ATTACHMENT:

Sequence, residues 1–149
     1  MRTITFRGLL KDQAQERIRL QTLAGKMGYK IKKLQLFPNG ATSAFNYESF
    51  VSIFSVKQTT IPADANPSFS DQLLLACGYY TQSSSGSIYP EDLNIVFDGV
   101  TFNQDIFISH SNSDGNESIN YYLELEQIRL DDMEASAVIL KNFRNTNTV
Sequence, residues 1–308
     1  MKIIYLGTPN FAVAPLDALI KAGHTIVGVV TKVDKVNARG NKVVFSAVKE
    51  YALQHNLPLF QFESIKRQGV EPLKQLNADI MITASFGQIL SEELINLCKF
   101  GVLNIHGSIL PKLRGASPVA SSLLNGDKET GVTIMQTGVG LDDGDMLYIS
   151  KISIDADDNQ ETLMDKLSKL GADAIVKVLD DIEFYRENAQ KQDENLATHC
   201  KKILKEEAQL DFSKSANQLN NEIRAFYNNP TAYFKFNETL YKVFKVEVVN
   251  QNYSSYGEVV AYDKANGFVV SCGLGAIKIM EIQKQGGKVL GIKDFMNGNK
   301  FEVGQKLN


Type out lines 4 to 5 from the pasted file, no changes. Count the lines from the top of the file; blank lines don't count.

   101  TFNQDIFISH SNSDGNESIN YYLELEQIRL DDMEASAVIL KNFRNTNTV
Sequence, residues 1–308